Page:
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  • Tags: C1st-C2nd

4 Items

Palmyra Temple of Bel

The Temple of Bel as it appears today dates from the C1st-C2nd AD, but stands on a much older cult site near the date palm grove and Eqfa spring that enabled the foundation of a city in the middle of the Syrian desert. Later on the cella of the temple was adapted for use as a Christian church and faint traces of frescoes are still visible on the interior walls. It was also fortified in the middle ages and there was a village within the walls of the compound until the population was removed by the French authorities during their rule of Syria in the 1920s.

Type: Architecture
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Zar Zita

The road to Zar Zita approaches from the east through a rocky shallow valley that on the south side abuts the northern edge of Jebel Sheikh Barakat. Here the limestone has been carved for use as a series of hypogea and funerary reliefs that date from approximately the first century BCE until the second century CE.

Type: Sculpture
Tags: , , , , , , ,

Capernaum

Capernaum is an ancient fishing town situated on the northern shores of the Sea of Galilee and the ancient highway, the Via Maris, passed through it. It is identified as the place where Christ settled and as it was referred to as “his own town” (Matthew 9:1). He taught in the synagogue (which was rebuilt in the fifth century), it is the place where He healed the paralysed man and it is also the site of Peter’s house. Today, Capernaum is in ruins. It is possible to see the foundations of the houses and the original synagogue that were all made from a local basalt stone. Many decorated stones from the fifth century synagogue are also dotted around the site.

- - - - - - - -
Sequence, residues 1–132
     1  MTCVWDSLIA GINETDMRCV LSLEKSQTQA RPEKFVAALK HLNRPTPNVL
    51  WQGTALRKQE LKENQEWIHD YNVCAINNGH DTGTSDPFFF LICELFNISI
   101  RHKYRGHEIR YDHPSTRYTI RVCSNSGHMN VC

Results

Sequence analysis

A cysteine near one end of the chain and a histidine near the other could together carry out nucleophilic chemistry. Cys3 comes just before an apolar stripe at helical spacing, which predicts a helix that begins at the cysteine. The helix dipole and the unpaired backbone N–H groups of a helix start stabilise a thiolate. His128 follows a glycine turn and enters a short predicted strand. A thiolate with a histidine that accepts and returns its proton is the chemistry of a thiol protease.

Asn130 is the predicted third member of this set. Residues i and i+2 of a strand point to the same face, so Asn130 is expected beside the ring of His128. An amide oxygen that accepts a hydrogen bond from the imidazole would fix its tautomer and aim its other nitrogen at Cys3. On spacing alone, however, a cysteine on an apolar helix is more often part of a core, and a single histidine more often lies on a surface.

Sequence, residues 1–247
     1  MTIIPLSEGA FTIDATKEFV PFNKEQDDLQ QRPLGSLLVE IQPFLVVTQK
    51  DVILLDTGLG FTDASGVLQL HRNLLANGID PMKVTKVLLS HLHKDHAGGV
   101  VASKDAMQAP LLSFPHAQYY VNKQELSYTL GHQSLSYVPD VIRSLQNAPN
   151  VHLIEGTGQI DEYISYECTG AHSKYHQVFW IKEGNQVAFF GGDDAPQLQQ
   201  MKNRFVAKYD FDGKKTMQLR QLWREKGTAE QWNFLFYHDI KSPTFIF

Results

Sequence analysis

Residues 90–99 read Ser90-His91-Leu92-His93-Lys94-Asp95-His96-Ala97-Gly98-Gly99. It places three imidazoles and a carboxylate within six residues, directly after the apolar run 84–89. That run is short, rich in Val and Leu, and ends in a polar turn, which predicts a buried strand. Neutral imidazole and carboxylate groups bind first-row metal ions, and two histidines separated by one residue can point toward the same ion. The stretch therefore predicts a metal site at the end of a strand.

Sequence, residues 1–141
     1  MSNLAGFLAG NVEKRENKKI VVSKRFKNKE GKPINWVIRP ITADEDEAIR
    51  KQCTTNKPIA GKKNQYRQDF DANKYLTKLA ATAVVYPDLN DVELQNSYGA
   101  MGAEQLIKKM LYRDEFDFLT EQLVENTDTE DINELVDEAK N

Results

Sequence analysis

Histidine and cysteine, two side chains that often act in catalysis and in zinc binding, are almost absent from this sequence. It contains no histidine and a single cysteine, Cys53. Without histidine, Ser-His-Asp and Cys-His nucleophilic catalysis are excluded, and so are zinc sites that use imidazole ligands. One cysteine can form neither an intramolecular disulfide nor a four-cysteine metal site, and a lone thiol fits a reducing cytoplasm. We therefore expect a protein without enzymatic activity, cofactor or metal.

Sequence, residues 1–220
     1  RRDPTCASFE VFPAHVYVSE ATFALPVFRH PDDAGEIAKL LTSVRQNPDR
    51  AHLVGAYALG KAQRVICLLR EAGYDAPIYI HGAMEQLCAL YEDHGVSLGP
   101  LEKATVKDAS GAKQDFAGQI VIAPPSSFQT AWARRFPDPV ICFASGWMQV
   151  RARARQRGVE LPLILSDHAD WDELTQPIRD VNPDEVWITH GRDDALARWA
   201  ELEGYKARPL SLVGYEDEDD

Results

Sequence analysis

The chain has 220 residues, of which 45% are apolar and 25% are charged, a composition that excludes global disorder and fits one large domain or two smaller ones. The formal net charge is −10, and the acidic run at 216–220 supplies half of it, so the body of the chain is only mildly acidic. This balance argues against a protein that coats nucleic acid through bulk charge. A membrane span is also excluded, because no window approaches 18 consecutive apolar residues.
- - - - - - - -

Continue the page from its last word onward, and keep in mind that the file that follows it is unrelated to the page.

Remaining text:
Type: Architecture
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The house of St. Peter, Capernaum

Capernaum is an ancient fishing village situated on the northern shores of the Sea of Galilee. Within an insula of this village are a number of rooms that are traditionally associated with the house of Peter the Apostle. A simple, square room within this complex was given particular attention by the Christian community in the years immediately following his death. In the fourth century, this room became a Domus Ecclesia (a house church) and was the place for Christian prayer and gatherings. The numerous inscriptions on the painted plaster of this place suggest that it was a prominent centre of pilgrimage, even by this early period. In the fifth century, an octagonal church was built over the house church. It consisted of an inner octagon that was directly over the venerated room, a larger concentric octagon and an outer semi-octagon.

Type: Architecture
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